So it’s about the visual pollution of power poles and lines, folks. Oh, and the belief of some that having them underground will enhance their property values.
Before touching on the more troubling issues of unfairness, let’s be clear on one point: Council could have killed this initiative without doing any violence to the Community Charter. Since the muni has to foot the initial cost by borrowing funds from the Municipal Finance Authority—paid back by additions to homeowners’ property taxes over the next 30 years—Council could have simply voted to not borrow the money. Case closed.
Since the cry is often heard that some on council and staff are concerned about the totality of the RMOW’s debt level and the effect it may have on Whistler’s future ability to borrow, that would have been a sound reason to decline. After all, this isn’t about putting sewers in where none exist. This is about spending millions to beautify a neighbourhood by bringing utilities where utilities already exist. Triaging local needs, that seems to be pretty far down the list.
From a fairness perspective, White Gold isn’t a strata. It’s one of Whistler’s oldest neighbourhoods. There are people who live there who have been here long enough to have stumbled home from The Boot pub back when it was almost the only game in town. They are, like so many of the town’s early residents, house rich and cash poor.
Yet, under the Community Charter, 50 per cent of their neighbours owning 50 per cent of the cumulative value of homes can force them to take on an unknown amount of debt to beautify the neighbourhood.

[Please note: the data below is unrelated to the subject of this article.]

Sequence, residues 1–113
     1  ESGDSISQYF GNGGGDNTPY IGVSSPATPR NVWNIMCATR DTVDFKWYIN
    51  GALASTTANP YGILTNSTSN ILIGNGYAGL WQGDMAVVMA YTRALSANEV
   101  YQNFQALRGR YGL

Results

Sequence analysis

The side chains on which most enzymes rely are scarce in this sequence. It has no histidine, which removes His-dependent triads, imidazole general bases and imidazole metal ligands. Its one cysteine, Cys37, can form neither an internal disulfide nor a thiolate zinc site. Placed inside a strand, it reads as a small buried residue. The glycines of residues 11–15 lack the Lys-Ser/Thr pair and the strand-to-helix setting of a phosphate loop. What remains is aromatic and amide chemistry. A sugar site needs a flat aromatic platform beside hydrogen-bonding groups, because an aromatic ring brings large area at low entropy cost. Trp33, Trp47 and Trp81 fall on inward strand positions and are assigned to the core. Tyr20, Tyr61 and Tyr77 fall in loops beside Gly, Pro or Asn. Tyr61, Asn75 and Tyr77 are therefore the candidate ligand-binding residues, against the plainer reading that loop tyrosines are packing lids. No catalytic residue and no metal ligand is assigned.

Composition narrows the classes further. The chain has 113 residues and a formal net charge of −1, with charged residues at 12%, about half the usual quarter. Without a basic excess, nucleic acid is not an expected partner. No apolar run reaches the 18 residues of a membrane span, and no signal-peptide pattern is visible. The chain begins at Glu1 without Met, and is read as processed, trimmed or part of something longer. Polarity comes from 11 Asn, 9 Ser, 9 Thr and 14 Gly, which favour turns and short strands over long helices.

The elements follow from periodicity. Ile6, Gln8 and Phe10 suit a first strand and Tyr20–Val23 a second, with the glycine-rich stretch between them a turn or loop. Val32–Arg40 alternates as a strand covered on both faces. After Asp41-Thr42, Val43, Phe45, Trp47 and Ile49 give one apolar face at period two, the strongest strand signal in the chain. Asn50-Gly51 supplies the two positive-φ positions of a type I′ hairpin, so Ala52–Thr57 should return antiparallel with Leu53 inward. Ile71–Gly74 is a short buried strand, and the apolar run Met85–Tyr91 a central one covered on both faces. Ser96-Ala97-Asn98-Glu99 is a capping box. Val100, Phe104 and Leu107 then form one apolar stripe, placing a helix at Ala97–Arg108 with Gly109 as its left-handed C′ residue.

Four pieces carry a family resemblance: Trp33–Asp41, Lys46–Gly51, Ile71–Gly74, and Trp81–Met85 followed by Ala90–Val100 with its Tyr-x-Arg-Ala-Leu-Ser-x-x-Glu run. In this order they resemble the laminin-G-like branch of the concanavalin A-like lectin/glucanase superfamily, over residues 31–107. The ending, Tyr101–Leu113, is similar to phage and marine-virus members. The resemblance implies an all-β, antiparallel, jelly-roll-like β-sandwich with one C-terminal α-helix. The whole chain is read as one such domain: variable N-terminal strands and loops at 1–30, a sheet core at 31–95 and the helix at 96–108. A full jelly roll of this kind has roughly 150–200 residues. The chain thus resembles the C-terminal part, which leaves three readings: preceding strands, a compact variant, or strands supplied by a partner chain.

Many of those neighbours don’t live in White Gold. They just own homes there. The neighbours who started this process weren’t able to get 50 per cent on side in time. They were granted an extension, the rationale being COVID-19 may have delayed international mail.
The muni was understanding of that impact of the pandemic. But they were seemingly unconcerned about the financial impact of the pandemic on homeowners who will be forced to add $30,000 to their property tax bill for the next three decades. They weren’t concerned about the additional cost, estimated between $4,500 and $22,500, to bring those underground services into individual homes. They weren’t concerned this whole initiative started well before the pandemic and they’re not concerned about continuing as though it never happened.
Perhaps worst of all, they’re not concerned they really have no firm budget for the project. They have what was termed a pre-conceptual budget. Some of them are concerned if that budget balloons—not like that ever happens in Tiny Town—they may have to re-petition the neighbourhood and run the risks of a vote to pull the plug. If that should happen, no one is sure but it’s very likely the muni will eat approximately $850,000 of costs for the first phase, the one during which they’ll discover the real cost.
With significant opposition within White Gold, such an easy way out, no real budget, financial hardship for some, no real need other than vain aesthetics, an unknowable financial future, a pandemic continuing to rage, this decision was not Council’s finest hour, Ms. Ford excepted.
We were hoping for better from you.